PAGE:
The moniker "bumblebee" is very often applied to catfishes with a pattern of alternating brown and yellowbands encircling the body. Thus have the South American Microglanis, the African Microsynodontis, and the Asian Pseudomystus been given this name (these catfishes have nothing in common except for their color pattern, which are vaguely similar). This article will provide a brief overview of yet another group of catfishes for which the name "bumblebee catfishes" seems apt: the miniature Asian catfishes of the genus Akysis Bleeker, 1858.
Many species of Akysis possess the color pattern for which their chosen name is apt, but there are also many other species that have a more irregular, blotchy color pattern. Externally, Akysis species look like any other regular (albeit somewhat small) catfish, save for the rough, tuberculate skin. The genus is distributed throughout Southeast Asia, being particularly diverse on the Indochinese peninsula (i.e. mainland Asia between India and China). In the mid-1990s, there were only 11 species of Akysis known to science, since then, the number has more than doubled to 29 species (this includes 5 more species whose descriptions are currently in press).
Fig. 1. Heads in members of the pseudobagarius species group (left) and the variegatus species group (right), Arrows indicate differences in mouth position and spacing of anterior and posterior nostrils (see text). Figure modified from Ng & Kottelat (1998).
Akysis species can be divided into two species groups (following Ng & Kottelat, 1998): the pseudobagarius species group (14 species), and the variegatus species group (15 species). The two species groups can be distinguished as follows: members of the pseudobagarius group have a relatively elongate body, a more inferior mouth (i.e. located on the underside instead of at the anterior end of the head; Fig. 1), relatively large anterior and posterior nostrils that are separated only by the base of the nasal barbel (Fig. 1), and a strongly forked caudal fin; members of the variegatus group have a shorter and deeper body, a more terminal mouth (i.e. located at the anterior end of the head instead of the underside; Fig. 1), relatively small anterior and posterior nostrils that are separated by a space between the anterior nostrils and the base of the nasal barbel (Fig. 1), and an emarginate or truncate caudal fin. A list of Akysis species with their known distributions is given below:
Members of the pseudobagarius species group:
Members of the variegatus species group
Akysis can be found in a wide variety of habitats, ranging from hillstreams to large rivers, and even estuaries. The one thing in common in areas where they have been collected is the presence of the fine substrate, be it the form of sand or mud. The habitats they have been collected in also have a considerable current, which means that they are fishes that require adequate oxygenation. They can be found hiding around tree stumps and fallen logs where leaves and twigs accumulate, amongst leaf litter, in patches of submerged vegetation such as Cryptocoryne, or in riffle areas under stones and coarse gravel (Ng & Tan, 1999; Ng & Freyhof, 2002). In the aquarium, they show a tendency to burrow into the substrate and remain there for most of the day, something that they most likely do in the wild. When they swim, they do so close to the substrate in short quick bursts from one place to another.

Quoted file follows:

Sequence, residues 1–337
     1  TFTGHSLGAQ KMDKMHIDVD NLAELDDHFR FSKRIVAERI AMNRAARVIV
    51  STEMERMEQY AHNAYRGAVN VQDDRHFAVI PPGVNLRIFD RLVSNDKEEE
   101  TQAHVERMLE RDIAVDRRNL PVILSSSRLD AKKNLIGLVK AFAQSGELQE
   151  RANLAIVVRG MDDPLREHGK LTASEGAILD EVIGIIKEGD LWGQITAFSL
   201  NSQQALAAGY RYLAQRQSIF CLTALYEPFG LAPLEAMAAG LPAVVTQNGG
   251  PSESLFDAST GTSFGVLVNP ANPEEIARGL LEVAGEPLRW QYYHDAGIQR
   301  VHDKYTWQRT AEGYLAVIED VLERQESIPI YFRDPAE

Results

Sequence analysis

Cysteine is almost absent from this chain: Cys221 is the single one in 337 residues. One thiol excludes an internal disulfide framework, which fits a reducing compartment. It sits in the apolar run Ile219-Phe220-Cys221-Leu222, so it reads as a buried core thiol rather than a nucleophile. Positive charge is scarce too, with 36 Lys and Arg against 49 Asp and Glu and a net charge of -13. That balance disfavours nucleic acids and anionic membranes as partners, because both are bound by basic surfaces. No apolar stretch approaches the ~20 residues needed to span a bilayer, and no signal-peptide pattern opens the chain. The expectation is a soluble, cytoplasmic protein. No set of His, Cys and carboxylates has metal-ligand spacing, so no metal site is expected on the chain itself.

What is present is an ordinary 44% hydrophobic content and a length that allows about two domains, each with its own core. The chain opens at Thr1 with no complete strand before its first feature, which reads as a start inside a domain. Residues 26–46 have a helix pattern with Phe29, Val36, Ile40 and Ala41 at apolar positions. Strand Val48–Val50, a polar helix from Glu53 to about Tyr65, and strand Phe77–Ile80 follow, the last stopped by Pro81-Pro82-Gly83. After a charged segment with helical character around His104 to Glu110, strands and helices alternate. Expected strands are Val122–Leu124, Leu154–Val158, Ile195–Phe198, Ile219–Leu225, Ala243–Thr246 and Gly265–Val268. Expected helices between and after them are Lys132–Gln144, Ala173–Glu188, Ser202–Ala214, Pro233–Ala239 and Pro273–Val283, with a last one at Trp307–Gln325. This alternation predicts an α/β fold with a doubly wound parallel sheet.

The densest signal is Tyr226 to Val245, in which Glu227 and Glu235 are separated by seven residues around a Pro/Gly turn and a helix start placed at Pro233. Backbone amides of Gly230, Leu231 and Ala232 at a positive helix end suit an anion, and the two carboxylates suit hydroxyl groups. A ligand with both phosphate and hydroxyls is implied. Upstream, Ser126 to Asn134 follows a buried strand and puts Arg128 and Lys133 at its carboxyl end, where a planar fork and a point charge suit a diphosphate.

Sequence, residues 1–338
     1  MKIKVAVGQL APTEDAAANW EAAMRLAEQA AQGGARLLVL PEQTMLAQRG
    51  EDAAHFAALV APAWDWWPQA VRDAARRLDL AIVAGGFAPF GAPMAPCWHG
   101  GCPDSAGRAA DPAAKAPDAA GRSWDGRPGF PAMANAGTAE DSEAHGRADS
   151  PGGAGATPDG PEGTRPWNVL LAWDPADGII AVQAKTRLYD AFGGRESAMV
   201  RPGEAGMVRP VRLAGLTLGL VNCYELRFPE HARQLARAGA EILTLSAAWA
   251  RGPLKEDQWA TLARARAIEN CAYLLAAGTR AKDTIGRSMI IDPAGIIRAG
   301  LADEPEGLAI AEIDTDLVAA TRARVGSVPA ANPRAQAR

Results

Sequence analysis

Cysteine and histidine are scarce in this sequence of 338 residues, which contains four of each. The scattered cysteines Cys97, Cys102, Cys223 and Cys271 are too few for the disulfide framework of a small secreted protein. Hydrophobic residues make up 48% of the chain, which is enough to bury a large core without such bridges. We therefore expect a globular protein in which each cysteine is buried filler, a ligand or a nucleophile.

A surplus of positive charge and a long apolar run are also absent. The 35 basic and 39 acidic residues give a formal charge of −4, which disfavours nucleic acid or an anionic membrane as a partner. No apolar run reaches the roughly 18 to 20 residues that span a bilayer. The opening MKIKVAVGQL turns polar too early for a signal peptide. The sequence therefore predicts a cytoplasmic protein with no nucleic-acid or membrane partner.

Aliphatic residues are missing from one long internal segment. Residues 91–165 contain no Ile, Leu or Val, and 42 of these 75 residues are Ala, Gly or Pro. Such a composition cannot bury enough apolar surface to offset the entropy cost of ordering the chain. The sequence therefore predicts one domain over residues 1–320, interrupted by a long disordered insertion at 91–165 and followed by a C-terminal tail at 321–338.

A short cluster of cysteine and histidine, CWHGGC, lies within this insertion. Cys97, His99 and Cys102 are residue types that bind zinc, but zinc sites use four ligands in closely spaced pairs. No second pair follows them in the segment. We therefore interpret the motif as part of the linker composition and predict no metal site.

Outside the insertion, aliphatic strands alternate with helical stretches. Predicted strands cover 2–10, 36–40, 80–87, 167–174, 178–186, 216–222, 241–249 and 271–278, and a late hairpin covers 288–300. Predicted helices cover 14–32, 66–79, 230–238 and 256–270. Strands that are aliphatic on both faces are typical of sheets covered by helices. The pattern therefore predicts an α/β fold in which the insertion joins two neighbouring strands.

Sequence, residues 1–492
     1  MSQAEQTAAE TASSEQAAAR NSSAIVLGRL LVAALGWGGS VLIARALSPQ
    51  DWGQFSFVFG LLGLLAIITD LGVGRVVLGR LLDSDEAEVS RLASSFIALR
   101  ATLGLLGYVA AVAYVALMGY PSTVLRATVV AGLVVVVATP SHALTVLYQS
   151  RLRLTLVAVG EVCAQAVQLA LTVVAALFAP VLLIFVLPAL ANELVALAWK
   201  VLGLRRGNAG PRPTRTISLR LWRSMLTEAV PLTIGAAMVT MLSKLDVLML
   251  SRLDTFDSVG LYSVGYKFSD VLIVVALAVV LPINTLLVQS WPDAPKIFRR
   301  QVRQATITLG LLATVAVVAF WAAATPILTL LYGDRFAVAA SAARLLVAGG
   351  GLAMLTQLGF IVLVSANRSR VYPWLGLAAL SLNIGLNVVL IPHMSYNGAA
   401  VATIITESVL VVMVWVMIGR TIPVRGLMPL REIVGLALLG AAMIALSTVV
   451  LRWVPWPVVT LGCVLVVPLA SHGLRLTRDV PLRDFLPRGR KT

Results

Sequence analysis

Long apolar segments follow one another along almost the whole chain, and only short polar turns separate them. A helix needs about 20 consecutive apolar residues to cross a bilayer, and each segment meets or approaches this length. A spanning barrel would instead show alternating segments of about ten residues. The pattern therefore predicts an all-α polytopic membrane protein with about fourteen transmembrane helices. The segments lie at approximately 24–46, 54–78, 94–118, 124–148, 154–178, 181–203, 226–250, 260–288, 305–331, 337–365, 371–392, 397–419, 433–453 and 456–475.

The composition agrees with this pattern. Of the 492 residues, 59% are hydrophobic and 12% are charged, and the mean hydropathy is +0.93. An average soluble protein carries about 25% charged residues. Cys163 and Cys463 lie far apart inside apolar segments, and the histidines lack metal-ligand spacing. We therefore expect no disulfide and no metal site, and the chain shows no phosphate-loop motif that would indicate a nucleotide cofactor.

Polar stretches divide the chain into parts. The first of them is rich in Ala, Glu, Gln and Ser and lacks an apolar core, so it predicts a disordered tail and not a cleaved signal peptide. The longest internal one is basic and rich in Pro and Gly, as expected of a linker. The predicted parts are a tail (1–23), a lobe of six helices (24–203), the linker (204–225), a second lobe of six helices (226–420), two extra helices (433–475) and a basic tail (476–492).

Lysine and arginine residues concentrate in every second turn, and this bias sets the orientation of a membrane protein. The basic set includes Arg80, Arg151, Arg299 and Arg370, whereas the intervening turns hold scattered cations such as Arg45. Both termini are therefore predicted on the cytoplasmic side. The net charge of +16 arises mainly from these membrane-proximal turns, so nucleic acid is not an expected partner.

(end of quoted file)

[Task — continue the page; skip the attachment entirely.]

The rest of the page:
Fig. 2. Akysis clavulus has a blotchier color pattern.
Fig. 3. The color pattern of A. heterurus is still blotchy, but begins to resemble the familiar bumblebee pattern.
These diminutive (largest recorded size ca. 5 cm SL) catfish are predatory in nature and many specimens of Akysis hendricksoni regurgitated small atyid shrimps of the genus Caridina after capture (Ng, 1996). In the aquarium, they will readily take bloodworms and other small live or frozen food.
In some of the species, sexual dimorphism is present (Ng & Kottelat, 1996; Ng & Tan, 1999): males have shorter pelvic fins located further away from the anal fin. The pelvic fins of the males are also more closely-set and curved to form a bowl. The use of the pelvic fins in the male remains unknown. They may be used for handling eggs or for directing the sperm towards the eggs (Ng & Kottelat, 1996). The eggs produced by Akysis species are relatively large for such small fish, with reported sizes ranging from 0.8 mm in A. fuscus (see Ng & Kottelat, 1996) to 1.5 mm in A. vespa (see Ng & Kottelat, 2004).
Akysis species are not often exported for the aquarium trade. In my personal experience, one is only likely to encounter A. heterurus, A. leucorhynchus, A. pictus or A. prashadi. With adequate decor and water conditions, they are not difficult to maintain in the aquarium, and can even be induced to breed (as has been done for A. vespa).
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